Ag Policy Blog

GAO Wants USDA to Better Reduce Risks of Bid Flu Outbreak

Chris Clayton
By  Chris Clayton , DTN Ag Policy Editor
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The Government Accountability Office has been taking a closer look lately at how USDA handles foreign animal diseases.

The GAO released a report Thursday looking at how USDA responded to the 2014 H5N2 highly-pathogenic avian influenza outbreak that led to the deaths of roughly 50 million commercial poultry due to the flu or euthanasia. The outbreak, considered the largest animal-disease outbreak in U.S. history, cost somewhere between $1 billion and $3.3 billion.

USDA reported 15 areas with lessons from the avian influenza outbreaks and came up with 308 corrective actions. The GAO found, however, that USDA has not evaluated the extent to which corrective actions have been completed. One problem, for instance, was the difficulty finding skilled people to cull the mass volumes of flocks. This led to delays and possibly spreading of the virus. So far, USDA hasn't worked to encourage states to identify teams or businesses that can quickly "depopulate" farms. The GAO noted USDA "does not have plans for doing so."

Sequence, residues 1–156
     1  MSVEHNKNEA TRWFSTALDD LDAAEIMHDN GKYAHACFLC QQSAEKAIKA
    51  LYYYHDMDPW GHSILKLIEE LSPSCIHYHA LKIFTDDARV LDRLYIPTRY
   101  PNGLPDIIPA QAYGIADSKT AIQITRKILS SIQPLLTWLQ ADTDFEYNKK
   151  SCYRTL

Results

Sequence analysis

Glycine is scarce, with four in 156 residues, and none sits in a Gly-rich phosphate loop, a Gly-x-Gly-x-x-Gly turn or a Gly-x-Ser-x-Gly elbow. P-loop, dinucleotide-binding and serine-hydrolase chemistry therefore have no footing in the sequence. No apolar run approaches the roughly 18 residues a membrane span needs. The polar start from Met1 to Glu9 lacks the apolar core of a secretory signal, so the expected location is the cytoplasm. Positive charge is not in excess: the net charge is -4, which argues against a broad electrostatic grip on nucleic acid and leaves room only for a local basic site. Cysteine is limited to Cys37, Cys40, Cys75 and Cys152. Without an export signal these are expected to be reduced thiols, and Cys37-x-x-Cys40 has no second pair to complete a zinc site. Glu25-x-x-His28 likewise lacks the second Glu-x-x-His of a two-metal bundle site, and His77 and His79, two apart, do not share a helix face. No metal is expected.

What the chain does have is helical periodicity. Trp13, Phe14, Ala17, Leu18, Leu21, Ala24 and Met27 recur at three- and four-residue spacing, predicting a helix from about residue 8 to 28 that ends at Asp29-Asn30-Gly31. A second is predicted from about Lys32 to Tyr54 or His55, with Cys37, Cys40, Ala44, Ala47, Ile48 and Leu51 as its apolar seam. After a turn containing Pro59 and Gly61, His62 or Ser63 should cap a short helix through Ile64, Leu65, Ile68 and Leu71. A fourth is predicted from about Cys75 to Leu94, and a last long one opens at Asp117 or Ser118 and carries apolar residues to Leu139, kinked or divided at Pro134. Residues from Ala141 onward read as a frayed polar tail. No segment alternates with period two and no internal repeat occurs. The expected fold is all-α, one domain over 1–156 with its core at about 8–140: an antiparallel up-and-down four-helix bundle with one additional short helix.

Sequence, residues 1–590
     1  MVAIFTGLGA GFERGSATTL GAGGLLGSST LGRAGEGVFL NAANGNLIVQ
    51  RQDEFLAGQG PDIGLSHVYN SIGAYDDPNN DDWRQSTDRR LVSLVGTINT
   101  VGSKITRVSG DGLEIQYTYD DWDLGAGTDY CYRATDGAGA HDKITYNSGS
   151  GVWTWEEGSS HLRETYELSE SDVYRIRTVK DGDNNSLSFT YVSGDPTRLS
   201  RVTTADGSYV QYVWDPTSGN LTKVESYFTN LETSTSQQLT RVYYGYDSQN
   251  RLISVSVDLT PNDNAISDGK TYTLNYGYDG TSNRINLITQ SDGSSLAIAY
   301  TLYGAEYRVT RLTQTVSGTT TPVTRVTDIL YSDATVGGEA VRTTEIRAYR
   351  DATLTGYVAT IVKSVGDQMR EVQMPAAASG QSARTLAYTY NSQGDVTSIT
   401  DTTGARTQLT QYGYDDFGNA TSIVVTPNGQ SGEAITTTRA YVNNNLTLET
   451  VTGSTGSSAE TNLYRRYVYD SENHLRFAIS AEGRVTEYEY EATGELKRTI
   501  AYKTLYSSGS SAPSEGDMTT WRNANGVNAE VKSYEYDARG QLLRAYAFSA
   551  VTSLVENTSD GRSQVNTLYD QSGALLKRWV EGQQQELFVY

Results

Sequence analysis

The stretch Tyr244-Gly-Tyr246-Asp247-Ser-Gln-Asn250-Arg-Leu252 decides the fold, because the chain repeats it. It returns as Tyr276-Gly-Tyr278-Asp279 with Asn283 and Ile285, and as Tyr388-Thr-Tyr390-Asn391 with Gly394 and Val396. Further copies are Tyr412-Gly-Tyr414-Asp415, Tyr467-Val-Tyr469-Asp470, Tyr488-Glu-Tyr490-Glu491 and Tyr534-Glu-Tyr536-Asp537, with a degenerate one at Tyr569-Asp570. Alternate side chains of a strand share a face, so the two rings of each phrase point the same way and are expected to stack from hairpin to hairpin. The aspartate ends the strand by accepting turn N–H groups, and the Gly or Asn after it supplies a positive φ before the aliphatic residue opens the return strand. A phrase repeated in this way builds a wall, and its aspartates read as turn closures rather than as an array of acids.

The GAO cited USDA needs to develop a plan for following through on its corrective actions. http://www.gao.gov/…

Members of the House Energy and Commerce Oversight and Investigations Subcommittee issued a news release about the GAO report, stating USDA needs to do more to reduce the risks of another bird flu outbreak. Chairman Tim Murphy, R-Pa., and Ranking Member Diana DeGette, D-Colo., told The Washington Post, “We know the devastating impacts of a global pandemic. Now it’s up to the Department of Agriculture to make sure we are prepared and have a plan to combat this threat. Further, ensuring the effectiveness of their plans and procedures are just as important as the plans and procedures themselves.”

The report also dovetails into a push by the livestock industry to create and fund a vaccine bank in the 2018 farm bill so USDA could rapidly respond to livestock and poultry outbreaks.

The GAO report also comes just weeks after the office analyzed USDA's evaluation of foreign animal health systems. http://www.gao.gov/…

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